“This sentencing holds the defendant accountable for misusing his position as the bank President and CEO to fabricate fraudulent loans with straw borrowers, evade internal controls, and withhold information from the bank’s Board. The underlying conspiracy cost the bank millions of dollars. This case demonstrates the importance of cooperation among law enforcement partners to combat such criminal conduct and maintain the integrity of financial institutions,” said FDIC Inspector General Jay N. Lerner.
Investigation of this case was conducted by the Federal Bureau of Investigation, the Board of Governors of the Federal Reserve System - Office of Inspector General, and the Federal Deposit Insurance Corporation - Office of Inspector General. Assistant United States Attorney Adam Hulbig prosecuted the case
Greenville Man Gets 12.5 Years In Federal Prison For Drug Dealing PDF Print E-mail
Federal Government
By Administrator   
Friday, 08 June 2018 08:55
Chief United States District Judge James C. Dever III sentenced Chicobe Antrell Williams, 33, of Greenville, North Carolina to 12.5 years imprisonment, followed by 3 years of supervised release.
On January 8, 2018, Williams pled guilty to one count of distribution of a quantity of cocaine base (crack).
According to the investigation, in October 2015, investigators with the Greenville Police Department and agents with the Federal Bureau of Investigation began investigating the narcotics distribution activity of Williams. A confidential informant was utilized to make four controlled purchases of cocaine base (crack) from WILLIAMS. WILLIAMS utilized others to assist in 2 his narcotics distribution. In addition to the controlled purchases, Williams was arrested with crack in his possession.
Investigation of this case was conducted by the Federal Bureau of Investigation and the Greenville Police Department. Assistant United States Attorney Dena King represented the government.
Last Updated on Friday, 08 June 2018 08:58
Raleigh Man Heads To Federal Prison For Manufacturing Xanax PDF Print E-mail
Federal Government
By Administrator   
Thursday, 07 June 2018 09:47
Chief United States District Judge James C. Dever, III has sentenced Matthew Lee Yensa, 25, of Raleigh, to 6,5 years of imprisonment followed by 5 years of supervised release after he pled guilty to a a variety of drug felony drug charges.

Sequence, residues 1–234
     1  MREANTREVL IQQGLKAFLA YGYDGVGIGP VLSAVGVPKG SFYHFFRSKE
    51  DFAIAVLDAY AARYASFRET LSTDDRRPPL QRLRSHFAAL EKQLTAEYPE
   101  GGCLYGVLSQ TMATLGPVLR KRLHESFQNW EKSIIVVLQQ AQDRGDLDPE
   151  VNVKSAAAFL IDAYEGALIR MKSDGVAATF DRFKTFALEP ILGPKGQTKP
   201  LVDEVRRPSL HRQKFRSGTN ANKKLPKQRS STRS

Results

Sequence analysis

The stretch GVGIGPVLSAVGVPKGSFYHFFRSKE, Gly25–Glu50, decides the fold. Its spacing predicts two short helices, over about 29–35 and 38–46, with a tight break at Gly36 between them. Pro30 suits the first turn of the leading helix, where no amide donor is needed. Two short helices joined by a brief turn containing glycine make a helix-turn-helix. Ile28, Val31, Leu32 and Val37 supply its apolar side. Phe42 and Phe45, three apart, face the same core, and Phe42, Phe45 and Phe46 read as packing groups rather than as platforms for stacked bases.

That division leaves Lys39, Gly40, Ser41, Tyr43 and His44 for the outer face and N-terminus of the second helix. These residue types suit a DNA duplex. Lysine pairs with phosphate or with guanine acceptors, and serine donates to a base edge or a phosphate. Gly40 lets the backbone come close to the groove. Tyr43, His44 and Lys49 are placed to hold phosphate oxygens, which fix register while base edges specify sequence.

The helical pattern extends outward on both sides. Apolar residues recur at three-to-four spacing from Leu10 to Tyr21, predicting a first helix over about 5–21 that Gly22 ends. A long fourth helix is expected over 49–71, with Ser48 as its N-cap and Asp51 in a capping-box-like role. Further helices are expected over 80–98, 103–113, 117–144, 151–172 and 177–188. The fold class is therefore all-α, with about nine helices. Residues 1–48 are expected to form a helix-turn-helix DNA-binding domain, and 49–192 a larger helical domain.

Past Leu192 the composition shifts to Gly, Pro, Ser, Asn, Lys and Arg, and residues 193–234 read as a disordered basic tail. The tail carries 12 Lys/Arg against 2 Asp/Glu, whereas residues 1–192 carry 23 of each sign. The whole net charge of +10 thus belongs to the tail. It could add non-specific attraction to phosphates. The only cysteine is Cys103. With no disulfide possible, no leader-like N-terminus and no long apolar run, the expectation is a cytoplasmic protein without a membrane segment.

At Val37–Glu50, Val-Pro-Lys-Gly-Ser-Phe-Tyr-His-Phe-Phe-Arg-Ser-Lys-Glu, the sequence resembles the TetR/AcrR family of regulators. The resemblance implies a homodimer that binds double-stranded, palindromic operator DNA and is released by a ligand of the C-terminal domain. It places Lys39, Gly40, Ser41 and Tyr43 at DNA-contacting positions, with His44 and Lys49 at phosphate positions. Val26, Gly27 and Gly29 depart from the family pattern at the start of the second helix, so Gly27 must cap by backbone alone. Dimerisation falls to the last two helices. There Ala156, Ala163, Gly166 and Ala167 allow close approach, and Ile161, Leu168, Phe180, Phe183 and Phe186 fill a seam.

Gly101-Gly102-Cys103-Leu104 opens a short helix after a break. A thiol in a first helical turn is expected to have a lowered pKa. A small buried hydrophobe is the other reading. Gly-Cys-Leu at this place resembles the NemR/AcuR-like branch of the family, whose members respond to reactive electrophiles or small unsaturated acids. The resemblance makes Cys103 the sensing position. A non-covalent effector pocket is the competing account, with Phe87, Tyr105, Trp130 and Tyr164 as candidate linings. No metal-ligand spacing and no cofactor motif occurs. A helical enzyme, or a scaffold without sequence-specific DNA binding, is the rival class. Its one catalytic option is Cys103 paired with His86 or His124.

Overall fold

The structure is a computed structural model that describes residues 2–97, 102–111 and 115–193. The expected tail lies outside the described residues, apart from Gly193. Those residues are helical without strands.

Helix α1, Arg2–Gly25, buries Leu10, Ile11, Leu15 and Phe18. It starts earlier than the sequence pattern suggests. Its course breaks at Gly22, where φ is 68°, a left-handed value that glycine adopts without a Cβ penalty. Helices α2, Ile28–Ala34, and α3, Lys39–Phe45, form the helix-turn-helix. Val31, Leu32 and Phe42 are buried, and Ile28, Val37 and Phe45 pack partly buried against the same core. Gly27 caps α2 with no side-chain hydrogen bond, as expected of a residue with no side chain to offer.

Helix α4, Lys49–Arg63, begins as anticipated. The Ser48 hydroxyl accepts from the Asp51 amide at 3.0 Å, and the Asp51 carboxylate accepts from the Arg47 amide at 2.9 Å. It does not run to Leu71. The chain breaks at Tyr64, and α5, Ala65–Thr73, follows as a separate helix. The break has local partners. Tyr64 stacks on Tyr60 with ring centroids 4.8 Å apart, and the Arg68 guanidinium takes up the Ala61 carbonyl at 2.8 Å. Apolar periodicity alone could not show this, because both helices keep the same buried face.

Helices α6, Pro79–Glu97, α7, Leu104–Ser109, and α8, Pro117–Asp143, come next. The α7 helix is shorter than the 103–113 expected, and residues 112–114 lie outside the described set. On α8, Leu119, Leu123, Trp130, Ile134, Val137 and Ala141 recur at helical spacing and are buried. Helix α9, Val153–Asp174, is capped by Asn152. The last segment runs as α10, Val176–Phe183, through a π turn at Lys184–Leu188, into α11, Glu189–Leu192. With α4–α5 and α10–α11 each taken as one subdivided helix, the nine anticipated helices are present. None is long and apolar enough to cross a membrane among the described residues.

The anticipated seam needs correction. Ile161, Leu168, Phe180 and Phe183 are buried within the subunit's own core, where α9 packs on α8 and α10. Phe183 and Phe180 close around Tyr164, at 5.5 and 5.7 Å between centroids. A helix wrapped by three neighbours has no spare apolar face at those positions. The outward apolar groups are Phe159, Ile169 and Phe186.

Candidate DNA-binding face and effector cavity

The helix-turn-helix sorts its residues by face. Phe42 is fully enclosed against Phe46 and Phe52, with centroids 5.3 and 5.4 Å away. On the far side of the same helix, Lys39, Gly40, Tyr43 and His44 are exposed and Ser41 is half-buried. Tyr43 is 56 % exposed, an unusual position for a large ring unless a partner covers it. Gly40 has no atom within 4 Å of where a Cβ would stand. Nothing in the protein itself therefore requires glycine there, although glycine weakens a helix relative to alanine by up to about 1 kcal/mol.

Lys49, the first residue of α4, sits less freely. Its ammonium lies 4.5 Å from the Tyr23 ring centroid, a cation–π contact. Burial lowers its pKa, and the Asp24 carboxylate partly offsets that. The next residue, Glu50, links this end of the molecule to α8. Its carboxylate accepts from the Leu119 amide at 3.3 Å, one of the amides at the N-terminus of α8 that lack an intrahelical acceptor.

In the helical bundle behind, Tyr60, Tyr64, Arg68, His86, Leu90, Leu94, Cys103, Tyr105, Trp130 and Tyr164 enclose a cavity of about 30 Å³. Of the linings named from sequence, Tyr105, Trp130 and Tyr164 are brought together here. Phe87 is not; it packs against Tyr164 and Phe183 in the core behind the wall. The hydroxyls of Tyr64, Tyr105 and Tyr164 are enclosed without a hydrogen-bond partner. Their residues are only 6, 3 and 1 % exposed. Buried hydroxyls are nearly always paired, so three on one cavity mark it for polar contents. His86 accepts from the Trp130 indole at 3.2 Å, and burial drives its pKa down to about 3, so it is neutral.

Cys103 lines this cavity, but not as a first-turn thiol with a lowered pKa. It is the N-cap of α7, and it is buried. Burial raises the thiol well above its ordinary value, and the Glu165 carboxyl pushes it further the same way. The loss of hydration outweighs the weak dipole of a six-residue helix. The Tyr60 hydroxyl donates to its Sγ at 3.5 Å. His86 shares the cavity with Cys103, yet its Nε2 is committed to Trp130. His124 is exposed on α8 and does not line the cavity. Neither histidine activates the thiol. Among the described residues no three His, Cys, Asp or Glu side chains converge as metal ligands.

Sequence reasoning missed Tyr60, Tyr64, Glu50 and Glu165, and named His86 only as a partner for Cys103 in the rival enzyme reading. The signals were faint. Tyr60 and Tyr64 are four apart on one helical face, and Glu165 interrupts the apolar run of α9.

In July 2017, DEA agents in Raleigh received information that Yensan was mass producing Xanax by utilizing pill presses, and selling them on the Dark Net.
The Dark Net is a section of the internet that is accessed through a special browser required to locate hidden websites. The browser obfuscates the user’s identity, making it a haven for illegal activity, to include drug distribution. Through continued investigation, agents identified Yensan's Raleigh residence, as well as a nearby storage unit.
Based upon their investigation, agents served a search warrant on September 12, 2017 of his residence and recovered the following items:
Four loaded firearms
multiple Bitcoin wallets
480 grams of marijuana and other items associated with illegal drug distribution.
On that same date, agents seized the following items from Yensan's storage unit, where he set up a clandestine pill manufacturing plant: approximately 80,000 dosage unit of Xanax; the ingredients needed to manufacture approximately 300,000 dosage units of Xanax to include two to three pounds of Alprazolam; a computer, the browser of which was open to the Dark Net; and multiple items associated with illegal manufacturing and distribution. Later agents used computer forensic tools to discover that Yensan possessed approximately $1,489,235.000 in virtual currency.
The investigation uncovered that Yensan also engaged in money laundering using U.S. currency derived from his drug trafficking activities. YENSAN sent $1,200 in U.S. currency to the Postal Savings Bank of China in Yongkang, China, to purchase pill presses and Xanax molds in an act of international money laundering.
The defendant possessed multiple firearms in connection with his drug trafficking activities and maintained a premises for the purpose of manufacturing or distributing a controlled substance. He obstructed justice by attempting to procure another person to conceal evidence material to the investigation. Lastly, the defendant distributed a controlled substance through mass-marketing by means of an interactive computer service, by utilizing a vendor page on the Dark Net to advertise and sell quantities of Xanax.
The investigation was conducted by the Drug Enforcement Administration, the Wake County Sheriff’s Office and the Postal Inspection Service.
Last Updated on Thursday, 07 June 2018 09:53